Elsewhere: "Fidelity Tries to Out-Vanguard Vanguard With Latest Fee Cuts." And the New York Fed's Liberty Street Economics blog asks: "Were Banks ‘Boring’ before the Repeal of Glass-Steagall?" (The answer is no.)
There is a guy in the U.K. who emails bank chief executive officers pretending to be their board members, tries to goad them into saying stupid things, and then triumphantly publishes the results. In the past I have found his project a little tiresome, because he is always so pleased with himself, and there is always so much hand-wringing about What It Means For Email Security, but in fact the bank CEOs always respond with bland professional politeness and the results are never that funny. Bank CEOs, it turns out, just keep it appropriate over email.
But then the prankster moved on from bank CEOs to Trump White House officials, who have no ability whatsoever to keep it appropriate over email, and got much funnier results. For instance, he pretended to be Reince Priebus and emailed Anthony Scaramucci during the minute or two when Scaramucci was the White House communications director:
The very real Scaramucci responded: "You know what you did. We all do. Even today. But rest assured we were prepared. A Man would apologize."
Fake Priebus wrote back: "I can't believe you are questioning my ethics! The so called 'Mooch', who can't even manage his first week in the White House without leaving upset in his wake. I have nothing to apologize for."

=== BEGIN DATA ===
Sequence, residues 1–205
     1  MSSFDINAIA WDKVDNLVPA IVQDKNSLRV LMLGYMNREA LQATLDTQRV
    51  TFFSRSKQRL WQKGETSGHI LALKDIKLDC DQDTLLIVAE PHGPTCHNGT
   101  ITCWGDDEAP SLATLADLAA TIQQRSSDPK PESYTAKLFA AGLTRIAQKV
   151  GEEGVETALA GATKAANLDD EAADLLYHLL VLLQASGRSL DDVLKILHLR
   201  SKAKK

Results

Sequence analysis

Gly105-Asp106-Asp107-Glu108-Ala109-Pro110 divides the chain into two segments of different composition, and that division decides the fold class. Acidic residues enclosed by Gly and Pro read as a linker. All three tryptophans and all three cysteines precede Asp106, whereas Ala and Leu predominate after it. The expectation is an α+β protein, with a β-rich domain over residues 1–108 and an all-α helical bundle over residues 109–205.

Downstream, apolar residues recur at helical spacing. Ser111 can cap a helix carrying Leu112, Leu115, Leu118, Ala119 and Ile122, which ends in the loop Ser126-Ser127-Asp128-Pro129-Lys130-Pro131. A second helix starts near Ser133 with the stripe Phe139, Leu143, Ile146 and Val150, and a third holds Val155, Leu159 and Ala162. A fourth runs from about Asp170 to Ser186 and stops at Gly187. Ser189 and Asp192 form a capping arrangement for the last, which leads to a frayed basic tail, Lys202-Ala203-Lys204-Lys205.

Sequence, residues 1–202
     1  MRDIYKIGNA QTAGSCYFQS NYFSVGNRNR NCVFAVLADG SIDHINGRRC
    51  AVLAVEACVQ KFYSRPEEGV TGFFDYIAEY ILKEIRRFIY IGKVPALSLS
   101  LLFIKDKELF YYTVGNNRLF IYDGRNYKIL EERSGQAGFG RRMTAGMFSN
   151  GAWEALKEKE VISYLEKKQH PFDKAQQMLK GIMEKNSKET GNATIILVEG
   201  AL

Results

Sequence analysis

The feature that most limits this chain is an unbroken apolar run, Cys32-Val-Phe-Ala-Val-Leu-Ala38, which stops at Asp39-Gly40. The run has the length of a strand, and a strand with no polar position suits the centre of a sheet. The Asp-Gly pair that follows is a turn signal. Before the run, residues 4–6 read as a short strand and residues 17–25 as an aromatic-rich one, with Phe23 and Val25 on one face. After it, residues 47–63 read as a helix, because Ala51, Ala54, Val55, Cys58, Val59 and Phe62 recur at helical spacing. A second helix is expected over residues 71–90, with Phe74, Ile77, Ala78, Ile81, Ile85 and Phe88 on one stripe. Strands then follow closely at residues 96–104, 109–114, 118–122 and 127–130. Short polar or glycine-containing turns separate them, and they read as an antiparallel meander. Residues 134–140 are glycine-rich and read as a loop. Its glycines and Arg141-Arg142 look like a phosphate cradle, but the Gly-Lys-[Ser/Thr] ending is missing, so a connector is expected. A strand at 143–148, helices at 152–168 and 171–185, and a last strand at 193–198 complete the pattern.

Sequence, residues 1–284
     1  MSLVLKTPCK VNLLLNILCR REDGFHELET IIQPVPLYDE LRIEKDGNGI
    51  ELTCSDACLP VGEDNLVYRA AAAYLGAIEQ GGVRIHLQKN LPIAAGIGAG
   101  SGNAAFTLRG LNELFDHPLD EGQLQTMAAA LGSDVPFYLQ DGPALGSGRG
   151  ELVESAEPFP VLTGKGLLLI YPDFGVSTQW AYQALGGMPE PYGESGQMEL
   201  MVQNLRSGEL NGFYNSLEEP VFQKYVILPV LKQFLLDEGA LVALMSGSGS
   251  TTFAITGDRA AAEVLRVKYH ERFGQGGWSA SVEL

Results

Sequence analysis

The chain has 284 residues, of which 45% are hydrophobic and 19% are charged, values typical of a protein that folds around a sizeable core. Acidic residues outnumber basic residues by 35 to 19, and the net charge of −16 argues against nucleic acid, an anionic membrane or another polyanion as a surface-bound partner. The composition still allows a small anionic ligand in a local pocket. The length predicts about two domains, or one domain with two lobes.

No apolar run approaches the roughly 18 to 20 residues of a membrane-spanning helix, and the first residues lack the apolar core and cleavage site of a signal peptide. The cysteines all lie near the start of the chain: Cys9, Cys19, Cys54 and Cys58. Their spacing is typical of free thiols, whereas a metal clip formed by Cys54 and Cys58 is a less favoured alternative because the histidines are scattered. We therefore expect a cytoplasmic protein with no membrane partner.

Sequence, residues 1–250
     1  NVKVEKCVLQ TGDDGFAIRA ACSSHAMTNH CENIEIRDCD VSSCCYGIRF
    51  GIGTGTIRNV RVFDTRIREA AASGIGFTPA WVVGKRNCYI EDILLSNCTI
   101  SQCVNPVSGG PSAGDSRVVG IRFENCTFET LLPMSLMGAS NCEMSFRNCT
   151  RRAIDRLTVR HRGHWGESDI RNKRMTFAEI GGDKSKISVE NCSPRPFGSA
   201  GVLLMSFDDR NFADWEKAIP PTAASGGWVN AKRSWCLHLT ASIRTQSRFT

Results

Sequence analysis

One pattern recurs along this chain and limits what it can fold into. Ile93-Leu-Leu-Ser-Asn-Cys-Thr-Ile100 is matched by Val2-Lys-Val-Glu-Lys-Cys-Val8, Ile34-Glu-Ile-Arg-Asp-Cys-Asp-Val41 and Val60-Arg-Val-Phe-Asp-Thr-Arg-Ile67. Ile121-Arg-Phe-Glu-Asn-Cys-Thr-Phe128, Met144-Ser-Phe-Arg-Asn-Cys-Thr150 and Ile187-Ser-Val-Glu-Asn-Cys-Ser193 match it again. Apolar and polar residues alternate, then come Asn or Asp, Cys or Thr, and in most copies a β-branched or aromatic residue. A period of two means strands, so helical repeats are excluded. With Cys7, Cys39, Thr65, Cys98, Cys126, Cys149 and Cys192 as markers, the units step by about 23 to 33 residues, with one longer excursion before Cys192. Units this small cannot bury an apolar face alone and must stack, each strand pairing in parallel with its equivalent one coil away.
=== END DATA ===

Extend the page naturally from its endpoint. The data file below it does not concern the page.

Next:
Actual Scaramucci responded: "Read Shakespeare. Particularly Othello. You are right there. My family is fine by the way and will thrive. I know what you did. No more replies from me."
What character from "Othello" does Scaramucci think he is? The pillow?
In other Scaramucci news, the sale of his SkyBridge Capital stake to HNA Group Co. is still on. (And "is not contingent on Anthony Scaramucci's job," an HNA spokesman found it necessary to say.) And: "Anthony Scaramucci erroneously listed as dead in the new Harvard Law alumni directory."
Blockchain blockchain blockchain.
Happy Bitcoin Cash Fork Day! The basic story is that the bitcoin community can't get their act together to agree on how bitcoin should work, so they're forking it into two different blockchains. If you own a bitcoin as of this afternoon, then you will continue to own it on the old Bitcoin blockchain, and you'll also own it on the new Bitcoin Cash blockchain, meaning that you'll in effect have one Old Bitcoin and one Cash Bitcoin. That's nice for you! The Cash Bitcoin is apparently worth a few hundred dollars in the gray market. One imagines that once Old Bitcoins go ex-Cash, the price of Old Bitcoins should drop by the value of the Cash Bitcoins, but honestly who knows; you should not expect bitcoin markets to operate sensibly.
Another fun question is who gets the Cash Bitcoins: If you own your bitcoins yourself, you participate in the fork, but if you own your bitcoins through an exchange or other centralized intermediary, then the intermediary gets the Cash Bitcoins, and can just go ahead and not give them to you. ("Several exchanges, such as BitMEX, Bitstamp and Coinbase, have said they will not support or allow trading of Bitcoin Cash on their exchanges, which means investors holding bitcoins on these sites will not receive any new tokens.")